NAYA, ONAC deliver funding lifeline to small businesses
Last summer, the Portland City Council approved a plan to distribute $114 million in federal CARES Act relief to the community. City Council allocated $3 million to be awarded as block grants to community nonprofits targeting hard-to-reach entrepreneurs.
NAYA, in partnership with the Oregon Native American Chamber (ONAC), was selected as a block grant recipient to disburse a portion of these funds. In November, NAYA and ONAC awarded 81 grants to BIPOC-owned local businesses.
NAYA Cully Boulevard Alliance (CBA) District Manager Eron Riddle explained the urgency of the grant funding, “Previous CARES funding made available during the pandemic did not necessarily make it to small business owners of color. If it was not for the efforts of CBA , NAYA, and Our42nd, many of the BIPOC-owned businesses we serve may have gone the way that many others have throughout Portland and the nation.”
We know business owners of color have been hit harder by the impact of the pandemic. NAYA is honored to support their vital role in the community. Below are a few awardees’ sentiments on what this support will mean for the future of their small businesses.
Michelle Week, Good Rain Farm
I am blown away with the generosity and am forever grateful to have been selected to receive the NAYA Small Business Grant! Farming always demands quick, decisive action and creativity, but amongst climate change, a pandemic, and a social awakening it has been more difficult than in years past!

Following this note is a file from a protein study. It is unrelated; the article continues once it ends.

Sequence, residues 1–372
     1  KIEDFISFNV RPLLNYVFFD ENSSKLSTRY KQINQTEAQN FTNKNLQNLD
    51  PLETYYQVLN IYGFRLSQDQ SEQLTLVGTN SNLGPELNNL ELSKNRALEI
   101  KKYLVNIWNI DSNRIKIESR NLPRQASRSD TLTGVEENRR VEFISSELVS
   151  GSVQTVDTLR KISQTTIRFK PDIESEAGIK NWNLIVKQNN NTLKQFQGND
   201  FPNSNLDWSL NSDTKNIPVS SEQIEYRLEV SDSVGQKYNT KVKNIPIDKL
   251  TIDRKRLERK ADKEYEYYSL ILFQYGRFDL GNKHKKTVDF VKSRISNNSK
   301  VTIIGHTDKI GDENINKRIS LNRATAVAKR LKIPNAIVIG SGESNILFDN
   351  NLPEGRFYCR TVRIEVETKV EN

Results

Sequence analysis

As a farmer my focus isn’t just on supplying healthy, nutritious, and culturally relevant foods to our community. It’s also on revitalizing cultures by making produce available to BIPOC families and by facilitating scholarships for those in critical need. With this support we can continue to feed our community, purchase equipment to support the growing demand for local food, and better weather this year’s many unforeseen purchases such as PPE and online ordering and contactless delivery. It’s essential we continue to feed and protect our community together. Thank you!
Stephanie Lynn Smith, S.L.S. Native Couture Designs, LLC
Just when the COVID crisis struck, I was building my business. I had just graduated from business class. Everything productive for my business came to a halt. But with NAYA’s business class and great instructors, I was able to continue and move forward,and become more reassured in my future being a business owner. I am very grateful for these community resources for minority business owners.
JC Aguirre, La Tierra Jewelry
Thank you to NAYA for your help during these difficult times. Due to the pandemic and to my health problems, I have not been able to work this year and am so grateful for the financial assistance. Without your help, I would be struggling even more. I am looking forward to the day when I can again share my love for the precious stones I cut for jewelry with others who also love that beauty and connection to the Mother Earth. Until then, I will sleep a little better at night and breathe a little better in the daytime, thanks to your help and support.
These sentiments have been echoed by others. NAYA Business Development Coordinator Santiago Vasquez elaborates, “All NAYA entrepreneurs who have benefitted from these grants have expressed tremendous gratitude for the opportunity to keep their businesses going thanks to this crucially needed capital. It’s especially heartwarming to hear them thank us, not so much for themselves, but on behalf of their counterparts and our local Native business community, generally. The financial support is huge, but even more meaningful to them is the affirmation that they are part of a vital community, and that somebody has their back.”
As always, NAYA encourages you to support Native-owned small businesses, especially as you do your holiday shopping. Mercatus has compiled a directory of Indigenous-owned businesses during Native American Heritage Month. It includes many alumni of NAYA’s Microenterprise Program and is a great place to start.